You read in the paper that a "gun safety" bill was proposed in Congress two days ago. You want to find out what it contains so you can write your congresscritter. You won't find that info in a book or magazine, and your newspaper will only give you a puff piece summary written by a gun-404 AP reporter. But on the Internet...

    Or, say you want to find out detailed background info about the latest Wierd Al Yankovic album that you heard hit the Top Ten. http://en.wikipedia.org/wiki/"Weird_Al"_Yankovic

    The Internet is a FANTASTIC information resource, but you have to know how to search it and how to evaluate sources.
     
  4. coltrane679

    coltrane679 Member

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    "The problem is less the ACLU than it is RKBA believers who insist on ideological purity with the white, Xian, conservative agenda. That, in the long run, is what is going to be used to beat us down on guns. If it isn't already this way, there will reach a point where most gun owners aren't white, Xian, and conservative. If we insist on tying the RKBA to that agenda, then we are going to lose. This thread illustrates that beautifully. The ACLU is defending a somewhat 2A related case, but since they lack ideologic purity, they get nothing but negative criticism anyway. I hope y'all believe it is better to maintain goodthinkfullness and lose than it is to cross party/ethnic lines on RKBA and win."

    This forum is actually a pleasant exception (comparatively) from some other gun forums I know of. I used to be a member of Florida Shooters Network--some very nice, helpful people there; some real cretins also. If you read the persistent race-baiting posts (particularly after Katrina) it was clear people were comfortable posting such things because they just presumed everybody there was white, Christian (or at least not some OTHER religion) and almost exclusively male--and there was really no inclination to be more inclusive. Alleged "moderators" would happily toss in their own very thinly (or not-at-all) veiled racism. There was a pervasive fear (and loathing) of "the other" (actually they made room for Hispanics, just so long as they made damn sure they were the type to habla ingles solamente). Things seem to have gotten a little better over there recently, but that is not saying much from where they started.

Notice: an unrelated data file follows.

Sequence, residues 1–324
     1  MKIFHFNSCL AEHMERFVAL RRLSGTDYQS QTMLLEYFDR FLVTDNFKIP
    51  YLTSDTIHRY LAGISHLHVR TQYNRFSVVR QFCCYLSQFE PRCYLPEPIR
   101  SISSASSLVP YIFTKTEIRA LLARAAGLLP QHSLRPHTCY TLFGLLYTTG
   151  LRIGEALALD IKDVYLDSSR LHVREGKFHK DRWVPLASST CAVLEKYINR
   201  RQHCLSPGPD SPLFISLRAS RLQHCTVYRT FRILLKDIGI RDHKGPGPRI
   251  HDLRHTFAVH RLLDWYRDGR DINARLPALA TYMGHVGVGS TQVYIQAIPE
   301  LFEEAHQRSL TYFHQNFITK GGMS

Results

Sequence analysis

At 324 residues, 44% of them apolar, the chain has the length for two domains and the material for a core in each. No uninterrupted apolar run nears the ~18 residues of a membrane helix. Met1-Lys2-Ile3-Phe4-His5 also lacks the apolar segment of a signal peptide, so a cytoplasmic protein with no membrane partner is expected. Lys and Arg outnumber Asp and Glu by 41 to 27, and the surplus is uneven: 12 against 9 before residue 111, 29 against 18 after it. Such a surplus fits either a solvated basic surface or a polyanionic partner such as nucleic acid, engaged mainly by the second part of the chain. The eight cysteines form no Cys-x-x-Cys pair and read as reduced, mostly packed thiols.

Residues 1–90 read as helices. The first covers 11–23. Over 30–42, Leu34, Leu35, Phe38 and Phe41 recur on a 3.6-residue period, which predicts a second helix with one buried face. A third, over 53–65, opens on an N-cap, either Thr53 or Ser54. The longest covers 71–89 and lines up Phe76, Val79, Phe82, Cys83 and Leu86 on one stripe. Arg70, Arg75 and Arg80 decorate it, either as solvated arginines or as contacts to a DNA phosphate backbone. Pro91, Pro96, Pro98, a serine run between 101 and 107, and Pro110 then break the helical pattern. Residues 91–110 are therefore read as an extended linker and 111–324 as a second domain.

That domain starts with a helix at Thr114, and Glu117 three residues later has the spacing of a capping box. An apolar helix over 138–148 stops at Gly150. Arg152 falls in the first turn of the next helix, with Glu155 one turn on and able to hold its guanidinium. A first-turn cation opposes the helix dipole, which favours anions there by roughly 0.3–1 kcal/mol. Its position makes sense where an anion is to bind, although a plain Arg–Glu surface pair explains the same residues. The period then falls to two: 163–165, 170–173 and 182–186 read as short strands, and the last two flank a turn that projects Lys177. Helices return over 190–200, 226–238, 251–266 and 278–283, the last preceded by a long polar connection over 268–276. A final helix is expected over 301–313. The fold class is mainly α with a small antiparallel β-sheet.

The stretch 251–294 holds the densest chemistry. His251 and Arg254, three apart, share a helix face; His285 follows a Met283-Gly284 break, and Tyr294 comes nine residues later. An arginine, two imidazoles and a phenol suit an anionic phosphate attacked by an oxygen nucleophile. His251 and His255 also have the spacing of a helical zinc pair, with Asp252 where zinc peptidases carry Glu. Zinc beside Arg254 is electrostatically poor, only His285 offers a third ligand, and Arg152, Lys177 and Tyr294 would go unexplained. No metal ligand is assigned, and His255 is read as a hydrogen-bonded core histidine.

Well, people can constitute themselves into any little private club they like, but that mindset--and image--is an absolute stone-cold loser in the long run for the RKBA cause. The emerging demographics are what they are and, no, contrary to the copies of The Turner Diaries they sell at the local gun show, there is not going to be a race war (usually charmingly called a "Second American Revolution" or some other euphamism) to undo them (sorry, fellas, most of you are going to croak from too many cheeseburgers, not from jack-booted UN thugs descending from black helicopters). We need to be as agressively inclusive as possible, which means, among other things, shunning the idiots among us who seem to have no problem wearing their prejudices on their sleeve. THEY are screwing things up for the rest of US in the long run.

    Again, I give much credit to the moderators and participants here for largely doing that.
     
  5. mljdeckard

    mljdeckard Member

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    +1 Zundfolge. My grandfather taught me the exact same thing.
     
  6. MechAg94

    MechAg94 Member